The Norm Augustine Award is presented to an engineer who has demonstrated the capacity for communicating the excitement and wonder of engineering. The award is conferred on those rare individuals who can speak with passion about engineering -- its promise as well as its responsibility -- so that the public may have a better understanding of engineering and a better appreciation for how engineers improve our quality of life.

The Kenneth Andrew Roe Award

Daniel D. Clinton, Jr., P.E., was presented the Kenneth Andrew Roe Award for being an inspirational leader, ambassador and crusader for the advancement of worldwide unity among engineers throughout his more than 50-year career.

Clinton's leadership as a member of numerous international societies and federations has resulted in many successful initiatives, such as promoting the development of engineering capabilities in developing countries through accreditation, licensing and knowledge transfer, and the publication of a "Guidebook for Capacity Building in Engineering."

After serving in the U.S. Air Force, Clinton worked at the firm of Lockwood, Andrews and Newman, Inc. for 41 years. He retired as senior vice president, director and corporate secretary. He is a former president of the National Society of Professional Engineers (NSPE), the Texas Society of Professional Engineers, the Engineers Council of Houston, the Houston Engineering & Scientific Society and the Council of Engineering Companies of Texas.

Clinton has served as a member of the United States Council of International Engineering Practice, and as the NSPE representative to the Union Pan American de Asociaciones de Ingenieros and the World Federation of Engineering Organizations (WFEO). He is currently president of the WFEO Committee on Engineering Capacity Building and has organized and participated in capacity building sessions in India, Brazil and Kuwait.

He received civil engineering degrees from Texas A&M University and Stanford University.

The Kenneth Andrew Roe Award is presented on behalf of the engineering community to recognize an engineer who has been effective in promoting unity among the engineering societies.

Joan Hodges Queneau Palladium Medal
Clifford W. Randall, Ph.D.

Dr. Clifford W. Randall received the Joan Hodges Queneau Palladium Medal for leading the cooperative efforts of engineers, scientists and environmentalists to create innovative solutions to environmental problems specific to estuaries like the Chesapeake Bay.

Randall, who has devoted decades of service to improved water quality throughout the world, was a key member of the Chesapeake Bay Project team that identified and quantified pollution sources; developed, promoted, and negotiated solutions with the stakeholders; and significantly improved the bay's water quality. His work has also led to innovative approaches to nutrient removal in wastewater treatment plant discharges -- improvements which were imperative to meet the water quality goals of the project.

Randall's contributions throughout his career have had a major impact on hundreds of wastewater facilities around the world, allowing them to greatly reduce nutrient releases without incurring major increases in treatment process costs. He has worked tirelessly with environmental engineers and scientists to improve treatment facilities in South Africa, India, China, Canada, Puerto Rico and South Korea. The cost-effective solutions he promoted and implemented bridged the gap between engineers and environmentalists, while satisfying the demands of regulators and those being regulated.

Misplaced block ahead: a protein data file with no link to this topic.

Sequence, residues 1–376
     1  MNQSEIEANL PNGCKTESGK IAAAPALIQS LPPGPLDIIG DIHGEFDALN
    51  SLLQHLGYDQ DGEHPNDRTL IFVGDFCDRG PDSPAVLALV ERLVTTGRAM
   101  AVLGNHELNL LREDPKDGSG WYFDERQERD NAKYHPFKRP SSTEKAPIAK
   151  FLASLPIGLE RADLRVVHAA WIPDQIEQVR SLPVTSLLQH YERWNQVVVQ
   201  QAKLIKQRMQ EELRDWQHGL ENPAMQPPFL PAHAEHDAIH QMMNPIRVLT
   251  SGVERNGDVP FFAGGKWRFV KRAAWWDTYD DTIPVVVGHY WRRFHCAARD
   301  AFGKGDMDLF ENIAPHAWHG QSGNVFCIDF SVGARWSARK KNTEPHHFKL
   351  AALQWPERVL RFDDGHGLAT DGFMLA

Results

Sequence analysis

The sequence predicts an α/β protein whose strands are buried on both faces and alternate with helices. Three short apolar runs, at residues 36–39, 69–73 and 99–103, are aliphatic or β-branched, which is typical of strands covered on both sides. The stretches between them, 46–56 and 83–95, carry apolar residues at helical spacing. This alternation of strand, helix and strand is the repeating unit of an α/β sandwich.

After earning his bachelor's and master's degree from the University of Kentucky in the field of civil/sanitary engineering, Randall completed a doctorate in environmental health engineering from the University of Texas in 1966.

The Joan Hodges Queneau Palladium Medal honors an engineer's outstanding achievement in environmental conservation. The medal underscores the vital importance of mutual understanding between conservationists and engineering professionals.

AAES Chair's Award

Dr. John S. Mayo, a veteran designer of advanced communications and computer systems, and former president of Bell Laboratories, received the AAES Chair's Award for leading the development of the digital technology foundation for the Internet age, from early PCM (Pulse Code Modulation) transmission systems to later broadband optical transmission systems and advanced digital switching systems.

An IEEE Fellow, Mayo received a National Medal of Technology from former president George Bush in 1990.

Mayo began his career with Bell Labs -- now Alcatel-Lucent Bell Labs -- in 1955. He worked on the design of the first transistorized digital computer, Tradic, a military development project. He then became supervisor for the T1 carrier project, a time-division multiplexed digital transmission facility capable of supporting 24 voice channels. Mayo also contributed to the development of the Telstar satellite communications system, electronic systems for ocean sonar and the world's first long-distance digital switching system.

After serving as Bell Labs' director of Ocean Systems Laboratory, executive director of the Ocean Systems division and the Toll Electronic Switching division, and vice president of Electronics Technology, Mayo became Bell Labs president in 1991. He served until mandatory retirement age in 1995. He is credited with globalizing Bell Labs and forging closer ties between its research and development and business units.

Mayo earned his B.S., M.S. and Ph.D in electrical engineering from North Carolina State University.

Dr. Ralph W. Wyndrum, Jr., who worked with Mayo at Bell Labs and served as AAES chair last year, nominated him.


Contact: Chris McManes